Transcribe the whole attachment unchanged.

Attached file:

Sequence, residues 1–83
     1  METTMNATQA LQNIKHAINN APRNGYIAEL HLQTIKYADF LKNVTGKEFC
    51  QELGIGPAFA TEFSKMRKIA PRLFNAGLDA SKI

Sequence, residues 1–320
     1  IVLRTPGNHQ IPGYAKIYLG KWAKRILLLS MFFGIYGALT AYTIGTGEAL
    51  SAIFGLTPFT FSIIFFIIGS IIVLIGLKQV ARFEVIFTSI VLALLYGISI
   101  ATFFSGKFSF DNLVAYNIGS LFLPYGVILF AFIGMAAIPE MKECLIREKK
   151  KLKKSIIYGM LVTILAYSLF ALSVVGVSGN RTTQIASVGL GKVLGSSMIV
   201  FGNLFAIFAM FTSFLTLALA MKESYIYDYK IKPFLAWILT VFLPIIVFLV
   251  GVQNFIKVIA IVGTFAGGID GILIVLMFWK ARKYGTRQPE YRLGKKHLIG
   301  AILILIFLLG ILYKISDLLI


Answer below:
Sequence, residues 1–83
     1  METTMNATQA LQNIKHAINN APRNGYIAEL HLQTIKYADF LKNVTGKEFC
    51  QELGIGPAFA TEFSKMRKIA PRLFNAGLDA SKI

Sequence, residues 1–320
     1  IVLRTPGNHQ IPGYAKIYLG KWAKRILLLS MFFGIYGALT AYTIGTGEAL
    51  SAIFGLTPFT FSIIFFIIGS IIVLIGLKQV ARFEVIFTSI VLALLYGISI
   101  ATFFSGKFSF DNLVAYNIGS LFLPYGVILF AFIGMAAIPE MKECLIREKK
   151  KLKKSIIYGM LVTILAYSLF ALSVVGVSGN RTTQIASVGL GKVLGSSMIV
   201  FGNLFAIFAM FTSFLTLALA MKESYIYDYK IKPFLAWILT VFLPIIVFLV
   251  GVQNFIKVIA IVGTFAGGID GILIVLMFWK ARKYGTRQPE YRLGKKHLIG
   301  AILILIFLLG ILYKISDLLI